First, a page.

To Abort or Not to Abort


Abortion is generally accounted by its advocates as a form of birth control and the legal exercise of a woman to engage her privacy rights. There’s no argument with this, especially the former, though it would appear that a prospective father or boy friend who has furnished half the wherewithal for the pregnancy and who is reluctant to see the fetus aborted should have something to say in the matter. Since most abortions flow from fornication rather than fatherhood, however, there actually is no argument with the latter, either, though it should be noted that the abortion represents a convenience for both the stud and the pregnant woman and therefore has little to do with a conscious effort at birth control, privacy, or anything else.

Since an abortion is the killing of something (person, embryo, fetus, mere tissue, whatever) that’s alive, it’s sort of the same as one’s having a healthy appendix or tonsil removed, for instance, simply getting rid of something that’s alive and well but nevertheless could become an inconvenience. Regardless of what the social engineers say, however, this procedure can grow into something more than just a method for inducing convenience, and, more to the point, its acceptance in any civilized nation as a perfectly normal happenstance reflects a coarseness that bodes ill for the most important and strongest unit endemic to any civilized society – the family defined as one woman and one man with or without children, legally documented, and subject to the laws pertaining to marriage (by definition establishing the gender requirement in the process).

Currently, abortion advocates are wringing their hands and wailing to the skies over the resignation from the Supreme Court of Associate Justice O’Connor, since she has been the swing voter in many Court decisions, not the least important of which have had to do with the abortion matter, its unlimited license codified in the Roe vs. Wade decision of 1973. Their fear is that President Bush will nominate someone who looks with a jaundiced eye at abortion and will seek to, if not overturn it, at least weaken Roe/Wade. Anti-abortion advocates, of course, hope he will do just that.

Those who believe abortion is just a routine correcting of a physical problem such as one calling for gall-bladder surgery obviously believe a fetus is not a human being; otherwise, aborting it would amount to murder. Legally, they’re right. However, if they can agree that abortion is not a good thing in and of itself (and most would), they would do well to consider how constraints on abortion might curtail the use of a procedure that is not good. As it stands now, a girl/woman can engage freely in unprotected sex knowing that she can have the relatively simple and painless abortion if she “gets caught.” If the law were made more restrictive, she at least might consider protection, which might also guard against STDs…an actual plus all around even though it emanates from an abortion law. This is not even to consider the possible psychological ramifications down the road for the woman, occasioned by what amounts to killing an eventual human being.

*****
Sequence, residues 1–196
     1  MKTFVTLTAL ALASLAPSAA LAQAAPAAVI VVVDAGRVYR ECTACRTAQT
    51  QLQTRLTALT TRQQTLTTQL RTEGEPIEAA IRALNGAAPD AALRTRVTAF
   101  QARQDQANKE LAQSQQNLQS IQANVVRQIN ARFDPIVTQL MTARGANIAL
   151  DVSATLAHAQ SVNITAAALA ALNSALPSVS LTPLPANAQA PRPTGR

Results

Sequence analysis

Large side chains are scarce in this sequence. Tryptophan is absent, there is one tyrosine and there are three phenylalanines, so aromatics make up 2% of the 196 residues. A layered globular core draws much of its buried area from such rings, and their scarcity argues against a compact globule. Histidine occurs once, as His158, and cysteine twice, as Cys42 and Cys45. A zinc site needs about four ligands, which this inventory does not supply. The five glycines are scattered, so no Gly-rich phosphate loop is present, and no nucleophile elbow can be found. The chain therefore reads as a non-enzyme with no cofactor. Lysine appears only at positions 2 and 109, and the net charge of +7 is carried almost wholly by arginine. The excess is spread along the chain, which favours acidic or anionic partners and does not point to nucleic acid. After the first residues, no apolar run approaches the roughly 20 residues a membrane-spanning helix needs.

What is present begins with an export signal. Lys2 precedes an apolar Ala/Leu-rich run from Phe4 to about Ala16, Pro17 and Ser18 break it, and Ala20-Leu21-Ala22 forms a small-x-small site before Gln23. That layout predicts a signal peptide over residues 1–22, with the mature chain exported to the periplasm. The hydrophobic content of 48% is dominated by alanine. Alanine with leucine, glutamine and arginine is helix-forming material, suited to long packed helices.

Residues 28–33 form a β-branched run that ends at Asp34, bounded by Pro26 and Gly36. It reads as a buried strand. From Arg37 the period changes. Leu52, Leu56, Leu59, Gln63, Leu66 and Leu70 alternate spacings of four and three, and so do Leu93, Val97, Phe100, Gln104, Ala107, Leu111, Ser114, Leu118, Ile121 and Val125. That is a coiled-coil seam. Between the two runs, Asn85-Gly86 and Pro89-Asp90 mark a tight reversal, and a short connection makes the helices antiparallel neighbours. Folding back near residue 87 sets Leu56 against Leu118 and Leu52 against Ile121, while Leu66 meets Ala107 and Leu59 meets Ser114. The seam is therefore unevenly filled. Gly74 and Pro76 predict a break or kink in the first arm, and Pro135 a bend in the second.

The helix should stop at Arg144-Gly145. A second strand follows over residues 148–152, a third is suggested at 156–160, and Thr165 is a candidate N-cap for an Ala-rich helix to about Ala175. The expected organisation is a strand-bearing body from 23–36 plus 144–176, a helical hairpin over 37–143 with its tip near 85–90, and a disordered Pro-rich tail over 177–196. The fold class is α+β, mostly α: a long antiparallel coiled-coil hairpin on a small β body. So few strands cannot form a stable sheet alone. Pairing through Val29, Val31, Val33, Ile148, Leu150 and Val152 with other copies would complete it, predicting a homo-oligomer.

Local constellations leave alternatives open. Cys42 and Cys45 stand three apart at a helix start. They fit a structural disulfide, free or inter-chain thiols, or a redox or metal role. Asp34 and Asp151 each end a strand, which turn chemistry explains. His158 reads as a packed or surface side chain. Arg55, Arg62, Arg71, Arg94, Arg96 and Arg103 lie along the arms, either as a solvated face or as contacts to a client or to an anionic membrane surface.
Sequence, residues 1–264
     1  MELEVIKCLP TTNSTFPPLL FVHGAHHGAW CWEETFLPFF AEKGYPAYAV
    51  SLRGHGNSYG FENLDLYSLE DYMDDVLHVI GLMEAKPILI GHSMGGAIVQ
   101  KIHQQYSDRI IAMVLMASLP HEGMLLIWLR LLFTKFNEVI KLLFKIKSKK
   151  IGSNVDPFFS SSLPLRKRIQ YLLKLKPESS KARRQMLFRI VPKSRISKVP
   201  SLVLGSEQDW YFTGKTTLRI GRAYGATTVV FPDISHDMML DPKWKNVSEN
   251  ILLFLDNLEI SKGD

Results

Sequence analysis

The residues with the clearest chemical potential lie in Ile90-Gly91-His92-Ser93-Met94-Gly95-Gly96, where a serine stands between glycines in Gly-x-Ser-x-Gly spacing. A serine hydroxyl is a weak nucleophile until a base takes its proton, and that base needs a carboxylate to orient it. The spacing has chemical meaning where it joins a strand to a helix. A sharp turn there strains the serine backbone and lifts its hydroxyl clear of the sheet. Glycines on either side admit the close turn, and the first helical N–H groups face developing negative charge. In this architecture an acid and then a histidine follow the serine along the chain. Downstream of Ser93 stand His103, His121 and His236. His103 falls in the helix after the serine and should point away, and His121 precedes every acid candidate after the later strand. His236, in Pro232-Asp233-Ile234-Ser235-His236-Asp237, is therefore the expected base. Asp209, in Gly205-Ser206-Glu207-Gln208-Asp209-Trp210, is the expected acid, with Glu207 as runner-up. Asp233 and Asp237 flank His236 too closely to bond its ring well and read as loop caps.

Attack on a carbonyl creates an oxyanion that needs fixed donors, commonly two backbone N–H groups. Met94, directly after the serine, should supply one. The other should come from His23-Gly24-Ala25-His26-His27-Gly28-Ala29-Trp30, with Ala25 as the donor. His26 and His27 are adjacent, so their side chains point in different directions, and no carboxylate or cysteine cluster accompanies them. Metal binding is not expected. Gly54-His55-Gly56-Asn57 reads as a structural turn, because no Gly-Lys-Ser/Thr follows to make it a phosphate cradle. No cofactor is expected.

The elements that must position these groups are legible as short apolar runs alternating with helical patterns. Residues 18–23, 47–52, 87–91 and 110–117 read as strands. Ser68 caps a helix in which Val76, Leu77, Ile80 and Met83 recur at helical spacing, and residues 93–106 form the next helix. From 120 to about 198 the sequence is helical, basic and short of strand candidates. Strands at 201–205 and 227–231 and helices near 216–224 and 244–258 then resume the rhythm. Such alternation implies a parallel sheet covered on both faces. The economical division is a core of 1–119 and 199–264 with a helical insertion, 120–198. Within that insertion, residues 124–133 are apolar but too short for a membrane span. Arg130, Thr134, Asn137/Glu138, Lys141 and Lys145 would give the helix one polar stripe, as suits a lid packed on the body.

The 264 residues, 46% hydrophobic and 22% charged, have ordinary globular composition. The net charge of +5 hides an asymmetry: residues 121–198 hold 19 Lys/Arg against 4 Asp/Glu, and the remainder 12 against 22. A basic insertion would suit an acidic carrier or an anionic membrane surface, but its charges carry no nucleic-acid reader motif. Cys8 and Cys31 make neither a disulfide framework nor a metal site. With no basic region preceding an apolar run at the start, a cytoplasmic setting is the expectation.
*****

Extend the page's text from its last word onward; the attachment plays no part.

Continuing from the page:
In any case, Roe/Wade will not soon be overturned, if ever. Since the only thing worse than an abortion (the interdiction of a potential life) is perhaps the bearing of an unwanted child, the law may be useful, not for the convenience of the pregnant woman or her paramour, but for the welfare of a child brought into a world where he/she may well be unloved, abused, malnourished, poorly educated, and dealt a losing hand all around. People who are willing to destroy a fetus are not fit to be parents, in the first place, and a child should not be subjected to their upbringing, or, more likely, their non-upbringing. The media is saturated daily with accounts of the miseries of children – torture, beatings, neglect, even death – who would have been better off aborted rather than suffering daily at the hands of animalistic stepfathers or “significant others,” perhaps a euphemism for the fornicator du jour.

Absent Roe/Wade, there would be about 44 million more Americans today plus a few million of the offspring of those who would have been born…say between 1973 and 1983…maybe 50 million or so altogether. What would that have meant to the country? This is an interesting question. In some Olde Europe countries, the birth rate for maintaining the sustainability of the primary race has fallen below the sustainable level. In this country, it is not much above that level, while the birth rates for other ethnic groups (meaning other than those springing from European immigrants) such as the Hispanic, African-American, and Muslim entities are much higher. In countries such as Belgium, France and Germany, the population is becoming more Muslim almost by the hour. The demographics in the USA are rapidly and radically changing, as well, although the Muslim influence must never be allowed to be pronounced, even to a slight degree.

So…to abort or not to abort, that is the question. Is there a right or wrong answer? In deriving from well-documented material some sort of answer, the question must always be faced regarding whose welfare/convenience is at issue, that of the fetus-carrier or that of the future human being. The perspectives that apply are mostly the secular and the sacred. To some, abortion is always right; to others, sometimes right; to others, always wrong. At bottom, though, it is a crude, despicable approach to the human condition.